Keywords: Development; Indonesia; Equity; Sustainable; Education.
    JEL: O1 O15 O2 O20
    Date: 2014–11–20
  4. By: Hill, Hal (Australian National University); Menon, Jayant (Asian Development Bank)
    Abstract: This paper analyzes the World Trade Organization’s (WTO) Trade Policy Review: Cambodia, the first completed for the country. The report highlights Cambodia’s rapid economic growth after one of the world’s worst genocides in the 20th century. This growth has been underpinned by open trade and investment policies in the context of dynamic neighborhood growth effects. The trade regime is mainly tariff-based, with modest inter-sectoral variations in rates. Cambodia has limited trade policy space. It is a signatory to the 10-nation ASEAN Free Trade Agreement, soon to become the ASEAN Economic Community. Moreover, given its long and porous borders with the much larger, dynamic economies of Thailand and Viet Nam, any major cross-border price differences will quickly result in informal trade with these economies, and the People’s Republic of China nearby. Most of the country’s trade policy challenges are “behind-the-border” issues, a legacy of a generation of civil war and conflict. These include weak bureaucratic capacity, high levels of corruption, poor infrastructure, and limited human capital.
    Keywords: Cambodia; trade policy; ASEAN; globalization; weak institutions
    JEL: F14 O53
    Date: 2014–10–01
  5. By: Sumarto, Sudarno; de Silva, Indunil
    Abstract: The aim of this study was twofold. First, despite the vast amount of empirical studies on income poverty in Indonesia, very few studies have examined multidimensional household welfare deprivations. We attempted to fill this gap by utilizing for the first time the annually conducted National Socioeconomic Survey by Statistics Indonesia (BPS), and the Alkire and Foster (2007; 2011) methodology to investigate the degree and dynamics of multidimensional household welfare deprivations in Indonesia for the 2004 and 2013 time periods. Second, we explore whether there are differing patterns of change for consumption poverty and multidimensional poverty at both the household and regional level. We investigate the magnitude of overlap between consumption and multidimensional poverty, and explore whether the multidimensionally deprived households are necessarily income poor or not and vice versa. In particular we scrutinize whether the question of who is poor has many different answers. This paper is innovative in that it changes the focus from the conventional unidimensional perspective of poverty, centered on income or expenditure to a much broader multidimensional approach. Our results revealed the overlap between consumption poverty and multidimensional poverty to be extremely weak. Our findings broaden the targeting space for poverty reduction, suggesting that poverty reduction programs should provide different kinds of assistance to the poor in different dimensions of poverty. Results clearly demonstrate the question of who is poor to have many different answers. So overall, the findings from the study underscore the need to use both monetary and multidimensional poverty indices as complements to understand the extent, diversity and dynamics of household welfare in Indonesia. Thus placing policy analytics on fundamentally important capability deprivations, rather than only on a convenient proxy such as income or consumption, will not only help to better comprehend poverty and deprivation – but also to combat them.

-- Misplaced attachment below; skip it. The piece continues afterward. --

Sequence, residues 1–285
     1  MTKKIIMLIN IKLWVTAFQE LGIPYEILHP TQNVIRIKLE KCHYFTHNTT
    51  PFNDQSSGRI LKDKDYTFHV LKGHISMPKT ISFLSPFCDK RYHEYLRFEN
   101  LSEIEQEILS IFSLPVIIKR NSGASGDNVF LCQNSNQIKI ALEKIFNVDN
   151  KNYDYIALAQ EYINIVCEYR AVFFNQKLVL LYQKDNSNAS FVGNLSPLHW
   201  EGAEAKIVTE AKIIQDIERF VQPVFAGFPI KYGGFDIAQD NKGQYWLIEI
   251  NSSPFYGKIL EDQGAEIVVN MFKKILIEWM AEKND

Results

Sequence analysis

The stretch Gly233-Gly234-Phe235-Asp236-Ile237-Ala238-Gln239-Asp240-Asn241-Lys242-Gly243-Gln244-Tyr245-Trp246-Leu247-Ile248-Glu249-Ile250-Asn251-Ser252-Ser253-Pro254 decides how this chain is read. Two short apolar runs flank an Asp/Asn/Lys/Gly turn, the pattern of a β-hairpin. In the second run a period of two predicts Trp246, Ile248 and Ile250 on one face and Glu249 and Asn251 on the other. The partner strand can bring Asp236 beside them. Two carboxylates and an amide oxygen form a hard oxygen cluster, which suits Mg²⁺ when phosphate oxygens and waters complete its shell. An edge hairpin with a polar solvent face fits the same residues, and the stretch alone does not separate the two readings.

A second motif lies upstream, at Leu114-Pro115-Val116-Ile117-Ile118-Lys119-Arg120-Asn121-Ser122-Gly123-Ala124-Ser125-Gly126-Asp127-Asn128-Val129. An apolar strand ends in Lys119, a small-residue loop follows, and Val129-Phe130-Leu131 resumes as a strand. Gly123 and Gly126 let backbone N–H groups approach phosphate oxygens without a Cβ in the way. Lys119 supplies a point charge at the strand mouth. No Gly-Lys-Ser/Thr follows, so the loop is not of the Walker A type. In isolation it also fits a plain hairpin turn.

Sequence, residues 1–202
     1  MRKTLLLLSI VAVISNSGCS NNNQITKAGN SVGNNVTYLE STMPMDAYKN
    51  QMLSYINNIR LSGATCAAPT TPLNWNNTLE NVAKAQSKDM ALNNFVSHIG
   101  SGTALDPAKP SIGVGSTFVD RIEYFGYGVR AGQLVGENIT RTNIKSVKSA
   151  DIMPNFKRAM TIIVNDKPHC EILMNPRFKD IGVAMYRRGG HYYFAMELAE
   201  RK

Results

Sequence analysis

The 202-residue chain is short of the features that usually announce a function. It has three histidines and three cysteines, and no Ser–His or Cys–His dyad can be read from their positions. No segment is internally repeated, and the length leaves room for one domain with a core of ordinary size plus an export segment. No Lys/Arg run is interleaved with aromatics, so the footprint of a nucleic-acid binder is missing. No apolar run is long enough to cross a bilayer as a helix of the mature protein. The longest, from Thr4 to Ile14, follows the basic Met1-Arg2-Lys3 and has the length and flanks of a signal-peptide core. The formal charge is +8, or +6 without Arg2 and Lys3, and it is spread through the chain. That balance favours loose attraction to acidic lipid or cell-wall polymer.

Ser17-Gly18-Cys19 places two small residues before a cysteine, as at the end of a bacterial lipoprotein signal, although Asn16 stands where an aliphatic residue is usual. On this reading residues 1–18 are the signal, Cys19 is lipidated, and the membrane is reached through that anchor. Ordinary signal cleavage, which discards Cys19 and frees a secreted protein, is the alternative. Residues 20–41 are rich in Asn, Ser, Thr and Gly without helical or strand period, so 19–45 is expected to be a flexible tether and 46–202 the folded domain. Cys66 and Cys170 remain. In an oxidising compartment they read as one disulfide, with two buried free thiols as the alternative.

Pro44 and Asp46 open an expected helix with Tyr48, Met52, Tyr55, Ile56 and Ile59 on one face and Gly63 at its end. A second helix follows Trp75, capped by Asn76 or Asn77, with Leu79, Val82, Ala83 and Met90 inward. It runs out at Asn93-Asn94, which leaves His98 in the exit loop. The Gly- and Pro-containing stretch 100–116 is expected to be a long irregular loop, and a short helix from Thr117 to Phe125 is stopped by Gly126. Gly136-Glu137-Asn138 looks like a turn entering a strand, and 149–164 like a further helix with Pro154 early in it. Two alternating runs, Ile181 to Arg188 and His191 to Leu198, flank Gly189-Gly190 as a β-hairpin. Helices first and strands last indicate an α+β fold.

Keywords: Multidimensional poverty measurement, multiple deprivations, human development, capability approach, counting approach.
    JEL: D63 I32
    Date: 2014–12–11
  6. By: World Bank
    Keywords: Governance - National Governance Finance and Financial Sector Development - Debt Markets Finance and Financial Sector Development - Mutual Funds Private Sector Development - Emerging Markets Law and Development - Corporate Law
    Date: 2013–08
  7. By: Yamauchi, Futoshi
    Abstract: This paper uses household panel data from rural Indonesia to examine the impact of road quality on labor supply and wages. First, road projects are found to increase transportation speed. Second, the empirical results from intra-village variations of household endowments and labor market behavior show that an increase in transportation speed raised wages in nonagricultural and agricultural employment, and was associated with a decline in working time in agricultural employment, for households whose members are relatively educated. The findings support potential complementarity between road quality and education.
    Keywords: Transport Economics Policy&Planning,Roads&Highways,Housing&Human Habitats,Labor Policies,Road Safety
    Date: 2014–12–01
  8. By: Ermy Ardhyanti; Hasrul Hanif